Honey Island Swamp Monster Film: A Patterson Knockoff

November 6, 2014

Louisiana Honey Island Swamp Monster fakery continues to sell, while sometimes common-sense skepticism on the subject has all the currency of—well, a wooden nickel. This was brought home to me personally when I was asked by a production company to look into the latest alleged exploits of the ever-elusive creature. Unfortunately, after I enlisted the aid of Tom Flynn—CFI’s resident photograph, film, and video expert—the producers left us in the lurch. It’s pretty obvious why: the evidence—a brief Super-8 film of the Swampster—is so bad that any critical analysis would leave one asking why the show would be made at all.

What is the Honey Island Swamp Monster? It debuted in 1974 when two local hunters—Harlan Ford and Billy Mills—emerged from the pristine backwater area with plaster casts of “unusual tracks.” These web-footed, four-toed imprints seemed “a cross between a primate and a large alligator” (Holyfield 1999, 9). A copy cast of one track I obtained from Ford’s granddaughter measures only about 9 34’’—about half the size of a large bigfoot print. (See photo in Nickell 2011, 216.) Ford and Mills also claimed that in 1963 they saw similar tracks after encountering a seven-foot-tall creature covered with grayish hair and having large, amber eyes. The two were left without evidence when, they said, the creature ran away and a rainstorm washed away its tracks.

Since I investigated the case in 2000, visiting the swamp with a Cajun guide, there have been significant developments. There was the discovery of one of a pair of “shoes” for making swamp-monster tracks, buried in mud near Harlan Ford’s former hunting camp (Nickell 2011, 219). This is prima-facie evidence of hoaxing. The other was a reel of old Super-8 film that Ford’s widow found among his belongings long after his death in 1980 (Holyfield 2007).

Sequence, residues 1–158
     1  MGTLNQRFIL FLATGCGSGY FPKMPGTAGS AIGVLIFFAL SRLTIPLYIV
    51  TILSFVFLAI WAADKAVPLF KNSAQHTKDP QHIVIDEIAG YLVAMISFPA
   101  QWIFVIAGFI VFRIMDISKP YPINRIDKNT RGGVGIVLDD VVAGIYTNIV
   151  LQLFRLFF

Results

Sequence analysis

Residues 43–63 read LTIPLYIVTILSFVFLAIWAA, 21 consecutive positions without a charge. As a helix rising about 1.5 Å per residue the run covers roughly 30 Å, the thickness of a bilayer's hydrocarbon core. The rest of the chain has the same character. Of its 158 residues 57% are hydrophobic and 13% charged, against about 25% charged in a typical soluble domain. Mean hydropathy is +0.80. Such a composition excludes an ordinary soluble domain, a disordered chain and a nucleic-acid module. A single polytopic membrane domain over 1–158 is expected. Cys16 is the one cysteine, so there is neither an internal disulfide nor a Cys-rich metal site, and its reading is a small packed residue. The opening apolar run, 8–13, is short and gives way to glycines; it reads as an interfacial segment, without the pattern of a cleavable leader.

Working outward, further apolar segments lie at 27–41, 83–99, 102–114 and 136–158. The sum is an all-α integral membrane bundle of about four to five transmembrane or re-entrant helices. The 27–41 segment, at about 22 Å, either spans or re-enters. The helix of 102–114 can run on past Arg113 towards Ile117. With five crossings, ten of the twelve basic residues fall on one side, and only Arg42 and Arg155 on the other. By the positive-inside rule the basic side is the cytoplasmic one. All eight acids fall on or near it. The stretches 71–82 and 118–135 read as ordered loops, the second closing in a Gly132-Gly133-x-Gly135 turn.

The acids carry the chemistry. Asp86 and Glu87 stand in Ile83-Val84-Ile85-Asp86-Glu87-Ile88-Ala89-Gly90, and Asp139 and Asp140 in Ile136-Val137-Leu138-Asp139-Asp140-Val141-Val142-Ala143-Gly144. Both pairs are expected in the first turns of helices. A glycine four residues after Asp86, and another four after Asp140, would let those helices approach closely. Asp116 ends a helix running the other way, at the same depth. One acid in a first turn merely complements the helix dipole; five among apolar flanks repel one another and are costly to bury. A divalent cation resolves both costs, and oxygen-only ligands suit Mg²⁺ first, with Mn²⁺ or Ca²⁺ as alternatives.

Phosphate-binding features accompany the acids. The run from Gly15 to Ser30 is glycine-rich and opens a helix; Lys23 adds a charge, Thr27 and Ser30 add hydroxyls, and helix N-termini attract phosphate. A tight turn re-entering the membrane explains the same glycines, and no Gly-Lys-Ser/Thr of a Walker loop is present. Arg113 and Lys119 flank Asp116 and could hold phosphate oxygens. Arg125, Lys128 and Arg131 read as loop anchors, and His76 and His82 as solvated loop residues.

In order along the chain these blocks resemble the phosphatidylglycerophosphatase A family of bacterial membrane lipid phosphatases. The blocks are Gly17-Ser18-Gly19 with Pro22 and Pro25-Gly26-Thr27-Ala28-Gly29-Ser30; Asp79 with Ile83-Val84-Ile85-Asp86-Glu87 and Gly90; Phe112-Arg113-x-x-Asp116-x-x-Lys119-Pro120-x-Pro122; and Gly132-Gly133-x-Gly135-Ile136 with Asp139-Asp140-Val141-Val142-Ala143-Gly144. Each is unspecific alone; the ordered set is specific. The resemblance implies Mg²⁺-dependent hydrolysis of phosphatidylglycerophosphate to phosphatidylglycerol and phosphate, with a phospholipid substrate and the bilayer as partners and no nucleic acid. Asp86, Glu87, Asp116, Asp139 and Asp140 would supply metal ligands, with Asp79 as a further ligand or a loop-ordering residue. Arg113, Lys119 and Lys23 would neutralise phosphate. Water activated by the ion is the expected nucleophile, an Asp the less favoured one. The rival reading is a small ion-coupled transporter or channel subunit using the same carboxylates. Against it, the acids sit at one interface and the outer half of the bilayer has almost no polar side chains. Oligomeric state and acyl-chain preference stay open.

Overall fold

Ford’s film seems to have been made after 1974 (the latest year cited in an undated, unpublished article by him that fails to mention any such film) and of course 1980 (the year of his death). His granddaughter, Dana Holyfield-Evans (2014, 36), wonders why he never revealed the film’s existence, but it may have been because it looks little better than a joke. (See accompanying frames.)

Tom Flynn and I studied the film frame by frame, concluding that the production was suspicious in many ways. For example, the amateur filmmaker was able to record the introductory trip into the swamp, a view of the tree blind from which the creature was filmed, and, with only a couple of seconds’ wait (!), a 7-second shot of the elusive creature—all within 2 minutes and 10 seconds of the available 3 minutes and 30 seconds allotted for a roll of Super-8 film. Also, some of the ending and possibly the beginning of the film was suspiciously missing.

The creature appears not to be Bigfoot but rather Bigsuit. Its brief appearance on camera and its being hidden from clear view mean that a very cheap suit could have been employed. The idea no doubt derived from the infamous Roger Patterson film of a female sasquatch at Bluff Creek, California, in 1967 (featuring Bob Heironimus wearing a suit Patterson purchased from my friend Phil Morris, the magician and costumer [Nickell 2011, 68–73]). As Smithsonian primate expert John Napier said regarding Patterson’s creature, “I could not see the zipper” (1973, 95). With Ford’s creature, one can hardly see the suit itself.


Holyfield, Dana. 1999. Encounters with the Honey Island Swamp Monster. Pearl River, LA: Honey Island Swamp Books.

———. 2007. The Legend of the Honey Island Swamp Monster: A Documentary. DVD including Harlan Ford’s Super-8 film footage.

Holyfield-Evans, Dana. 2014. Honey Island Swamp Monster Documentations. Slidell, LA: Honey Island Swamp Books.

Napier, John. 1973. Bigfoot: The Yeti and Sasquatch in Myth and Reality. New York: E.P. Dutton.

Nickell, Joe. 2011. Tracking the Man-Beasts: Sasquatch, Vampires, Zombies, and More. Amherst, NY: Prometheus Books.

Picture caption: Frames from an old Super-8 film show the Louisiana Honey Island Swamp Monster—or Bigsuit—striding through the woods. (Thanks to Cody Hashman for the screen capture.)